Bracelets remained very popular in Victorian period, with two or more bracelets being worn.  They were usually made of linked rounds or of articulated bands, although woven gold bands were still used for the popular garter and buckle bracelets. Also common in this period are mourning seed pearl bracelets. By the 1870s, bangles, both wide and narrow, became more popular than bracelets (I will talk about them in the next post) and it was not until the end of the century that bracelets again became as popular as the bangle. By this time, bracelets were often narrower with a central gem set plaque. If the wearer could not afford diamonds, then other less precious gems were use, like garnets, citrines, yellow sapphires and peridots. Curb link chain bracelets became popular. For evening wear, velvet ribbons set with diamond or pearl slides were often worn to match a choker.

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Victorian gold slides set with seed pearls on velvet band

Bracelet design reflected key themes of the Victorian era – mourning, grand tours, classical revivals and excavations. Mourning bracelets were similar to those of the late Georgian era, made with rows of seed pearls, with a clasp containing a lock of hair and a bordered by seed pearls.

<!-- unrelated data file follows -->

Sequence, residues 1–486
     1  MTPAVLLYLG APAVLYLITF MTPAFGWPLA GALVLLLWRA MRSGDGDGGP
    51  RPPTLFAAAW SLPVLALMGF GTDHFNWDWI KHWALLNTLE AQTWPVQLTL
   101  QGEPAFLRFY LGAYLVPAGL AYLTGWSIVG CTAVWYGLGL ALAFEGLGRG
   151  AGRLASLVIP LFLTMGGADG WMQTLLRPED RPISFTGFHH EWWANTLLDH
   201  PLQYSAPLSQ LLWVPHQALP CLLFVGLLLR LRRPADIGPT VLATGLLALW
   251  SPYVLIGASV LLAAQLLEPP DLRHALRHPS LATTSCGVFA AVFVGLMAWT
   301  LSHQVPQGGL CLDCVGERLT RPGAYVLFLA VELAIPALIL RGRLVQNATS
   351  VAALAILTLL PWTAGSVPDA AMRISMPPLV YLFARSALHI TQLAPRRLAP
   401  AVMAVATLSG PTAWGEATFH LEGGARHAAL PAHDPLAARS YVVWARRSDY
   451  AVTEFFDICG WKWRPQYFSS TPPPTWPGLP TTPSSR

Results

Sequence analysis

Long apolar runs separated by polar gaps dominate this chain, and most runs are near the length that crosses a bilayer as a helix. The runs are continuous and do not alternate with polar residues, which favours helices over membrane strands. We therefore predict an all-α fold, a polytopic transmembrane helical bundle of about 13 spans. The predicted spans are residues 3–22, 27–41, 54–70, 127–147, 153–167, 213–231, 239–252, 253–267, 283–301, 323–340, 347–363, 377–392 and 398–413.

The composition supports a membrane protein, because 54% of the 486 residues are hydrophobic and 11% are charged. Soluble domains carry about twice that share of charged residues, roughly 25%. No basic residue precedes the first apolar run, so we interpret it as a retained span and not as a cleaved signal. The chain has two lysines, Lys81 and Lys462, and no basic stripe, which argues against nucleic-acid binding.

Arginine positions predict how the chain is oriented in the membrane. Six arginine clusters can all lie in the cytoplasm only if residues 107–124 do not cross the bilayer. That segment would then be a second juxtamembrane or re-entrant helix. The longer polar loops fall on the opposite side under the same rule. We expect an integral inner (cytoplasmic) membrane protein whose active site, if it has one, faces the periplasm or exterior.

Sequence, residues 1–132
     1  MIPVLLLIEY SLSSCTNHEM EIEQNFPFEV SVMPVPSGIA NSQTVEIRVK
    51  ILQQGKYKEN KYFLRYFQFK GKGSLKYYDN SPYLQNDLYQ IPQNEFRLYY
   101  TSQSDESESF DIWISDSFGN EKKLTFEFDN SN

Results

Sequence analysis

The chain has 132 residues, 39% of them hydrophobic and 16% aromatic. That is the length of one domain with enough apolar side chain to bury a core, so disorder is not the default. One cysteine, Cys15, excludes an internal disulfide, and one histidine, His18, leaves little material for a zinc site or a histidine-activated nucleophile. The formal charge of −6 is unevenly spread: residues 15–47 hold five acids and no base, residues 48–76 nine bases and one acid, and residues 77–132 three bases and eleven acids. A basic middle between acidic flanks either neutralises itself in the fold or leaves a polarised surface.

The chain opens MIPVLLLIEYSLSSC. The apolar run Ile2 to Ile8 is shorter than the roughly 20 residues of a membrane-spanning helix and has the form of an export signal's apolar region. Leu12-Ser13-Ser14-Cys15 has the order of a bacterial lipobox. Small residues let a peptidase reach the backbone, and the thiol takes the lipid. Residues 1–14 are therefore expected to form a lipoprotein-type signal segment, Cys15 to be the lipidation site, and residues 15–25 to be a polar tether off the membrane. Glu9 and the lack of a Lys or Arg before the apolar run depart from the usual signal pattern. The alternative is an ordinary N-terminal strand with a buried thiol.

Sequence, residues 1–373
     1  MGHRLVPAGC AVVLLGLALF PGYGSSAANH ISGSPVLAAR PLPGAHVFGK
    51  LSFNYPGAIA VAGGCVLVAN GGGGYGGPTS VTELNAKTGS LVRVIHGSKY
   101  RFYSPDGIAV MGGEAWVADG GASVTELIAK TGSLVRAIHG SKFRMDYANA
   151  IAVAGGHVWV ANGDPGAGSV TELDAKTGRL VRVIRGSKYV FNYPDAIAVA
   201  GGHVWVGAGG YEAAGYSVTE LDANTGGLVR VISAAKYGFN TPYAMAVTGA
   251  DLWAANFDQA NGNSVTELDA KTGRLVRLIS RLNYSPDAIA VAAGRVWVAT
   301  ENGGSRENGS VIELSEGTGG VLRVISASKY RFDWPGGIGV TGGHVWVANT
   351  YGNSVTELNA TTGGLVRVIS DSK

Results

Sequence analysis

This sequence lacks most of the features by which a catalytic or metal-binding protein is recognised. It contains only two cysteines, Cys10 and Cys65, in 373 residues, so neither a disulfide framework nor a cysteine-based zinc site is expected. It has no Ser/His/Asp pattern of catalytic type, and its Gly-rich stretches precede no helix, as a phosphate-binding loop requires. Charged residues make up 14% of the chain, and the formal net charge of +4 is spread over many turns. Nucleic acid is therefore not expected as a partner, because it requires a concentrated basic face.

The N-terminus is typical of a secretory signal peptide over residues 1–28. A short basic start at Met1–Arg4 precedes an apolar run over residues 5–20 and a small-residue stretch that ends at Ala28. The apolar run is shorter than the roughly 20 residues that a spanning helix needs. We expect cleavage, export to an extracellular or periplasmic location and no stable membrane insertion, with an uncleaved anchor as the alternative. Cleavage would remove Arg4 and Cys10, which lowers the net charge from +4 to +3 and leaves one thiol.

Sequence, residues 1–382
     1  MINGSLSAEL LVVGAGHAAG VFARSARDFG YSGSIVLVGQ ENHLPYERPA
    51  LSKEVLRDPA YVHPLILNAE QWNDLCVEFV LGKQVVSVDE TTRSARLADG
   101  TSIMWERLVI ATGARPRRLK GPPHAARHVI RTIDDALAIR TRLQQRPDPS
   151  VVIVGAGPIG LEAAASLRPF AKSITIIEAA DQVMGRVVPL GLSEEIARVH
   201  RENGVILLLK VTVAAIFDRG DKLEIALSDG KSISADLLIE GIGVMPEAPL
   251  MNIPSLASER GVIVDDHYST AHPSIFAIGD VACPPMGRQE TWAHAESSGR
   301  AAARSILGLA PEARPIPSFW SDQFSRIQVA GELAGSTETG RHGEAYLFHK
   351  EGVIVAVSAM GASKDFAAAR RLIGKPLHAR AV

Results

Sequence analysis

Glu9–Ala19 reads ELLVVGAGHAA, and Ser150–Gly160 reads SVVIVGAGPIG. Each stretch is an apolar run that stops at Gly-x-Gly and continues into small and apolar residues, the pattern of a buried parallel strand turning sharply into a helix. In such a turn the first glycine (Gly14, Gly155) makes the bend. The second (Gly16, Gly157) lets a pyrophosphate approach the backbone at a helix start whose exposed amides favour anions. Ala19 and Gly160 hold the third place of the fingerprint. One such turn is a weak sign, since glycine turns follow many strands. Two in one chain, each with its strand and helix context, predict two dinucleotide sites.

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Victorian seed pearl mourning clasp on seed pearl stranded bracelet

By the 1840s, with a more settled political environment in Europe, Victorians travelled more for holidays, particularly to Italy. There was a rapid growth in good (and bad) quality souvenirs and travel mementos.  There were micro-mosaics from Rome, pietra dura from Florence, carved coral from Naples and Genoa, lava from Vesuvius, and shell cameos from Naples and Rome. The settings varied, from 22ct gold down to base metal.


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Victorian lava bracelet, set in metal (in Navette on Ruby Lane)

The Victorians were inspired by nature, such as shells, wings and teeth, and by beautiful stones, whether these items were valuable or not. Scottish agate in particular was very popular, particularly once Queen Victoria and her young family began to spend time in Scotland, purchasing Balmoral Castle in 1847. At the peak of public interest in Scottish jewellery in the 1870s, over 1000 people worked in the pebble jewellery industry, though many of them were based in Birmingham and much of the ‘Scottish’ agate was being sourced from Germany, India and Italy. The production of Scottish jewellery was also outsourced to Germany. Some lovely bracelets, usually set in silver, were made with agate, but are difficult to find.


Next post: Bangles